Emerson changes tactics in battle with Astec investors

EMERSON Electric, the US giant which is battling to take full control of Astec (BSR), the electronic components group, yesterday changed its stance on Astec's dividend and board in an attempt to improve its chances of winning the long-running battle with Astec's minority shareholders.

Meanwhile, Emerson also revealed that talks with Astec's independent directors about securing their recommendation for an offer had broken down. Emerson and its advisers are understood to have been willing to offer about 118p per share, compared to an earlier indicative offer of 111p. However, Astec's independent directors had held out for more.

"These discussions have now been terminated," Emerson said yesterday. The news pushed Astec shares down 4p to 117p.

In a statement, Astec's board, which is now controlled by Emerson nominees, said it had decided to pay a final dividend. Emerson had previously threatened the company's minority shareholders that it was considering cutting the dividend completely.

Astec's final dividend has been revised from 1.41p to 1.25p, making a total dividend of 1.94p. This is still an increase of 7.8 per cent over 1996.

Last night, City experts said the move was a clear attempt by Emerson to undermine the court case that institutional shareholders in Astec have started against the US company. The institutions have argued that Emerson's threat to cut the dividend unfairly prejudices their interests. They also allege that a director nominated by Emerson forced the company to report a lower interim profit figure last August. The move prompted a sharp fall in Astec's share price.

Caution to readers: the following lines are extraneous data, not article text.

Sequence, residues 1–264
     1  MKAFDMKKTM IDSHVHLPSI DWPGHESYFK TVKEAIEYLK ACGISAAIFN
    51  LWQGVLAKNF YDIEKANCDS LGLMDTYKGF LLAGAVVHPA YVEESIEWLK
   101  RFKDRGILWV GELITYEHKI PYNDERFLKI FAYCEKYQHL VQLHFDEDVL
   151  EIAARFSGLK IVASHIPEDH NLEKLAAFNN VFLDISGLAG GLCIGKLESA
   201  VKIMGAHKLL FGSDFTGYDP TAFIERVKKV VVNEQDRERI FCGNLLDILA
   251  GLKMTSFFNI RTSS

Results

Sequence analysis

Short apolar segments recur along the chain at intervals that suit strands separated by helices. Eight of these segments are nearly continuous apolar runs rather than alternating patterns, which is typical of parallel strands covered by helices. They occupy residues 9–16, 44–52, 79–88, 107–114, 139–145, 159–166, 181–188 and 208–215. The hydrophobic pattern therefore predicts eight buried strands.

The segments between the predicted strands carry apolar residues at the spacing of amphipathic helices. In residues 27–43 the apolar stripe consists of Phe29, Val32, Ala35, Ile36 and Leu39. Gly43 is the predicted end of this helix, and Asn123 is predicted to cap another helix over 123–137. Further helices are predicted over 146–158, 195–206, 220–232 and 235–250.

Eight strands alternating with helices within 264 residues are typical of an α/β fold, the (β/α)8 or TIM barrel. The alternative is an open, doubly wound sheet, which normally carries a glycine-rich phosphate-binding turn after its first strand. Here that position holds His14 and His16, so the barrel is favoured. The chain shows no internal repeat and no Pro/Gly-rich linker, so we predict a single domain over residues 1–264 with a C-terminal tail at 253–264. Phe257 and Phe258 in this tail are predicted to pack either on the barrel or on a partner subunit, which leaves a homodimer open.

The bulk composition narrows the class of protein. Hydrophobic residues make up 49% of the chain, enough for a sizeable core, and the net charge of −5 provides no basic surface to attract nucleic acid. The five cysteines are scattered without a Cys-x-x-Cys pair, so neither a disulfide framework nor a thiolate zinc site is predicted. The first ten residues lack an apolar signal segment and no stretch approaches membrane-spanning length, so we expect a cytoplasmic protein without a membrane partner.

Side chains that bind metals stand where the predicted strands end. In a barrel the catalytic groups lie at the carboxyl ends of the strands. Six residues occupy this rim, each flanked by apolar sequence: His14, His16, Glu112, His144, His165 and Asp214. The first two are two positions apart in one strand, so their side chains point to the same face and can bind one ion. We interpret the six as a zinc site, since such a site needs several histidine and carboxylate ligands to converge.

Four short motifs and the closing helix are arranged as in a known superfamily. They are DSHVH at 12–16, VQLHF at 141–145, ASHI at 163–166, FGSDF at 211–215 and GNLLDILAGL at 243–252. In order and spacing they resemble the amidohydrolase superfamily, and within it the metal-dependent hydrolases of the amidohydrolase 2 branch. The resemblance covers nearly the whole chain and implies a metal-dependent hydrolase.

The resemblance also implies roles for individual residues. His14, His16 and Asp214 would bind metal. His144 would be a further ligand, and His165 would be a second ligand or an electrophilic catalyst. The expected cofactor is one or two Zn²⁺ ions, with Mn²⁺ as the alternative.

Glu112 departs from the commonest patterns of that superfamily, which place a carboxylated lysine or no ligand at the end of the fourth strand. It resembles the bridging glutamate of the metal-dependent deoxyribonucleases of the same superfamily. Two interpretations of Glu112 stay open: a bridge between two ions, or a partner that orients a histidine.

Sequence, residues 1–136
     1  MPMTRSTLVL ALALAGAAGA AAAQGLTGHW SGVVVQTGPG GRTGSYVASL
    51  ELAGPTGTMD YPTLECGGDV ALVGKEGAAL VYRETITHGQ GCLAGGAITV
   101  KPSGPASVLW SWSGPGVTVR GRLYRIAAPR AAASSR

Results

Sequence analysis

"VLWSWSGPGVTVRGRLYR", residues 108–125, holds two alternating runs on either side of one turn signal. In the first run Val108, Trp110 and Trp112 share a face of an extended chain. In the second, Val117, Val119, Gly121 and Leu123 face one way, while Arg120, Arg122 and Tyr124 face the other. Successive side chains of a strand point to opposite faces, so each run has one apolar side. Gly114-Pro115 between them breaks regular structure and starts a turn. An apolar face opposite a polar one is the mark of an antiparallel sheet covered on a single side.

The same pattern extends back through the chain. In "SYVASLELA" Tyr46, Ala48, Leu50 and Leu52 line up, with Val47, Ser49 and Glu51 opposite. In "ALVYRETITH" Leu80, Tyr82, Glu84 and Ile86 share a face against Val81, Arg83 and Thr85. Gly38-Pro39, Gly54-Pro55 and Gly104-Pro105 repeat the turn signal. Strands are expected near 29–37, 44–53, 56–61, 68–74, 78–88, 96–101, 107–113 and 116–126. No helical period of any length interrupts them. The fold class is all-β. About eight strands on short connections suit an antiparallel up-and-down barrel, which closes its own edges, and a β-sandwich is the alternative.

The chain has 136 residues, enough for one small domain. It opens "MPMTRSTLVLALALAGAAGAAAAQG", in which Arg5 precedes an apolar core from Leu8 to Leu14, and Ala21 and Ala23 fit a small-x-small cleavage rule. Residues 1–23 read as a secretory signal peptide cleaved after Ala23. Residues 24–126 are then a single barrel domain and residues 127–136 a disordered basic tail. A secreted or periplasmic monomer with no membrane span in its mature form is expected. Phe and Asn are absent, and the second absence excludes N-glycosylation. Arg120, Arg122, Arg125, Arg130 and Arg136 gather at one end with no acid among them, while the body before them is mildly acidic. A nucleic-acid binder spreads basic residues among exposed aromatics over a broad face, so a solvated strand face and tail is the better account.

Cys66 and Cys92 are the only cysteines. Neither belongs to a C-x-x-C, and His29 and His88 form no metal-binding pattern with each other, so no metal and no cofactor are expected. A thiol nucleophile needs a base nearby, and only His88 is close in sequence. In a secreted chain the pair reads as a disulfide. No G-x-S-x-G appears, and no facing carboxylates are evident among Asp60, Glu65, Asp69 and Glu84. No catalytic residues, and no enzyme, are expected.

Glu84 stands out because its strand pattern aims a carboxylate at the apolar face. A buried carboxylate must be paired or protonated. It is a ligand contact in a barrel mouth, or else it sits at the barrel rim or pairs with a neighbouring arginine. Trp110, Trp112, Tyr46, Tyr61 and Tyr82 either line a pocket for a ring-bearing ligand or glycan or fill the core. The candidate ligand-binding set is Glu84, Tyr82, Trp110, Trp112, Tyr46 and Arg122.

Emerson said it rejected the allegations and that it was seeking to have the petition dismissed. The company yesterday applied to the High Court to strike out the proceedings.

In a further development, Astec announced that it would ask for Neal Stewart, the group's technical director who was one of the company's founders, to be reinstated to the board at the company's annual general meeting. Mr Stewart was one of Astec's three executive directors who was voted off the board by Emerson at an extraordinary general meeting last week.

A spokesman for Emerson said that Astec had a limit of 10 directors, requiring it to replace three directors with its own appointees to get a majority. Now that it had a majority, it would seek to increase the number of board members, allowing it to bring back Mr Stewart.

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